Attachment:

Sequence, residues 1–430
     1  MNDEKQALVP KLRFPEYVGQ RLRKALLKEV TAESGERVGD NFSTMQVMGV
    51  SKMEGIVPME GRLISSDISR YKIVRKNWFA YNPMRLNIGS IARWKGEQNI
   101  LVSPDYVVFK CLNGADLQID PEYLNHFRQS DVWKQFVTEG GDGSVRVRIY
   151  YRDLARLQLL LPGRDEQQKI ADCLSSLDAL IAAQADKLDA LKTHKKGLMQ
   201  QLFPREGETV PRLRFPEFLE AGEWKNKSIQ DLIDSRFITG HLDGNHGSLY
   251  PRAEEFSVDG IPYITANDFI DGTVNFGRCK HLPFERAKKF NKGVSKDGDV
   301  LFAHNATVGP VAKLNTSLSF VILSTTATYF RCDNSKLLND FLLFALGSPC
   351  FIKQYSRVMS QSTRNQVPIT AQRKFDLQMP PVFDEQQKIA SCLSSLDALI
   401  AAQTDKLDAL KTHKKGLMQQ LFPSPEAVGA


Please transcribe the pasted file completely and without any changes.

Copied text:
Sequence, residues 1–430
     1  MNDEKQALVP KLRFPEYVGQ RLRKALLKEV TAESGERVGD NFSTMQVMGV
    51  SKMEGIVPME GRLISSDISR YKIVRKNWFA YNPMRLNIGS IARWKGEQNI
   101  LVSPDYVVFK CLNGADLQID PEYLNHFRQS DVWKQFVTEG GDGSVRVRIY
   151  YRDLARLQLL LPGRDEQQKI ADCLSSLDAL IAAQADKLDA LKTHKKGLMQ
   201  QLFPREGETV PRLRFPEFLE AGEWKNKSIQ DLIDSRFITG HLDGNHGSLY
   251  PRAEEFSVDG IPYITANDFI DGTVNFGRCK HLPFERAKKF NKGVSKDGDV
   301  LFAHNATVGP VAKLNTSLSF VILSTTATYF RCDNSKLLND FLLFALGSPC
   351  FIKQYSRVMS QSTRNQVPIT AQRKFDLQMP PVFDEQQKIA SCLSSLDALI
   401  AAQTDKLDAL KTHKKGLMQQ LFPSPEAVGA